The UK advertising industry’s Trust Working Group, led by the Advertising Association, has today launched a new paper – Improving The Public’s Advertising Experience – concentrating on the advertiser’s role in the process.
The paper, which you can download on the right, launched at ISBA’s Annual Conference where ISBA – the trade association for advertisers in the UK – also launched a new Advertising Experience MOT for brands, following work by industry consultants, Derek Morris and Nick Manning. These developments come as new research from UK advertising industry thinktank, Credos, shows the public’s trust in advertising finely balanced, with an uptick overall in public trust and favourability during the past twelve months but with a widening gap versus other UK industries including banking and energy.
Advertising’s top driver of public negativity – bombardment and excessive frequency and retargeting is addressed in Improving The Public’s Advertising Experience with five actions and guidance for all advertisers to follow:
- Make your advertising welcome in people’s lives
- Place business effectiveness above efficiency
- Achieve full visibility of where your advertising goes
- Ensure every impact and exposure matters
- Deploy the necessary resources to track, measure and manage this programme.
The actions were developed by Manning and Morris, working with Credos, through a full review of available data, alongside qualitative interviews with a select group of the UK’s biggest advertisers, their agencies and leading media owners.
At the same time, ISBA has launched the Advertising Experience MOT for every advertiser seeking to secure greater value and efficiency as a result of improving the public’s experience of their campaigns. The MOT, available to all advertisers, is a new, independently verified test of a company’s/brand’s approach to safeguarding the consumer, avoiding advertising bombardment and wasted investment.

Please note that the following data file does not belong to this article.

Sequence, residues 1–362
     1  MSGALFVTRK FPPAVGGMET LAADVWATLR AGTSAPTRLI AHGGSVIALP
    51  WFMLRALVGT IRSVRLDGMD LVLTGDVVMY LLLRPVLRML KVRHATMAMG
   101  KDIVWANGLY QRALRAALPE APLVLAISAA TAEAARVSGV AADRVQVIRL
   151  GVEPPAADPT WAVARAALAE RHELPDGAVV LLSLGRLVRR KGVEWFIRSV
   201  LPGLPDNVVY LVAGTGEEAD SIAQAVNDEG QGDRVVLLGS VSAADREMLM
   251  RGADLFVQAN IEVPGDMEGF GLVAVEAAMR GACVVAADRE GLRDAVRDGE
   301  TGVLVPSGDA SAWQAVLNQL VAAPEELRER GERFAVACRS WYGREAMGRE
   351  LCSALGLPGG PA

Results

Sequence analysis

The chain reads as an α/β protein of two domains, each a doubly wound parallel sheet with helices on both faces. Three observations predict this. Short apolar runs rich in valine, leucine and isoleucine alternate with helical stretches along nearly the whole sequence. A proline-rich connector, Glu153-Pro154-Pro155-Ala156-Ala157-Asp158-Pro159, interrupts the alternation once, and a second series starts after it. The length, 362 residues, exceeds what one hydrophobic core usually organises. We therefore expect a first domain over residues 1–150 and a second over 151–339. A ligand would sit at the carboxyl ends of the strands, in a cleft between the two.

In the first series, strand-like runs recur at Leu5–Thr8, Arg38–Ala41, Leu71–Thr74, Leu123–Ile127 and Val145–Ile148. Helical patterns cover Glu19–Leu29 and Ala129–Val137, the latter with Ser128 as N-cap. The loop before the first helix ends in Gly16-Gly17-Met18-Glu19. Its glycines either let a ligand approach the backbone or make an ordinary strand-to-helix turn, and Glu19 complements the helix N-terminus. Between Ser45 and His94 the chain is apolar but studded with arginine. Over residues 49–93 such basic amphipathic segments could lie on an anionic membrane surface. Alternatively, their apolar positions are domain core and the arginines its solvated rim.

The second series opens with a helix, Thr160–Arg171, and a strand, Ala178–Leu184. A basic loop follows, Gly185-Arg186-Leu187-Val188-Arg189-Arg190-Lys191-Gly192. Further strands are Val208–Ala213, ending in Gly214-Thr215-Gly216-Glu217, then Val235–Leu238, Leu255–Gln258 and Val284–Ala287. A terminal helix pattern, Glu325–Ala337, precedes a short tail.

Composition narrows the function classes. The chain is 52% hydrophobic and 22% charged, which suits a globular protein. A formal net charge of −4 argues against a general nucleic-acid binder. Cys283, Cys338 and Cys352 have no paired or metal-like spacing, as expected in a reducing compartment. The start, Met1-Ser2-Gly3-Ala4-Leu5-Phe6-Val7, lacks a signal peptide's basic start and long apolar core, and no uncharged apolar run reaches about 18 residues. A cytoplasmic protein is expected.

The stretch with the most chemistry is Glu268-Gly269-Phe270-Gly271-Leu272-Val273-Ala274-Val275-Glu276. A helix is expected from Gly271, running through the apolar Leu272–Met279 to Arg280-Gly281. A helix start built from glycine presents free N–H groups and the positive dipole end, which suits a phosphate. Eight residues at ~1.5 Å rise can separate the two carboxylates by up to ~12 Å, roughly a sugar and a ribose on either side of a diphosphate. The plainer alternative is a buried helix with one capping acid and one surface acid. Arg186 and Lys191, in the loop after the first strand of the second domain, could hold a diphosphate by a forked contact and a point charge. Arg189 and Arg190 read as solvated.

Phil Smith, Director General, ISBA and Co-Chair Trust Working Group, said:
“Public trust in advertising is finely balanced. People still appreciate entertaining and relevant advertising, but they can also feel ‘bombarded’ by too much irrelevant, obtrusive and repetitive advertising and they are switching their attention off. The more the balance tips towards the negative, the less welcome advertising will be in people’s lives. By ensuring that people are receptive to our advertising and improving consumer trust, we will create better value for our investment.”
Keith Weed, President, Advertising Association, commented:
“Improving the advertising experience is wholly in our hands. We have more tools and more opportunities to deliver advertising than ever before and we need to choose wisely how we use these in order to protect the vital relationship we have with the public. We need to put the consumer experience back at the heart of everything we do and, by doing so, create a healthy and sustainable industry for everyone – for people, advertisers, media owners and agencies.”
All of these developments come as new tracking data is released by Credos showing that while public trust and favourability towards advertising has seen an uptick over the last year, it still lags behind other comparable industries. Overall favourability towards advertising increased from 50% to 65% from December 2018 to December 2019, but the gap between the number favourable towards advertising, versus the average of those favourable to other industries, increased from 19% to 21%.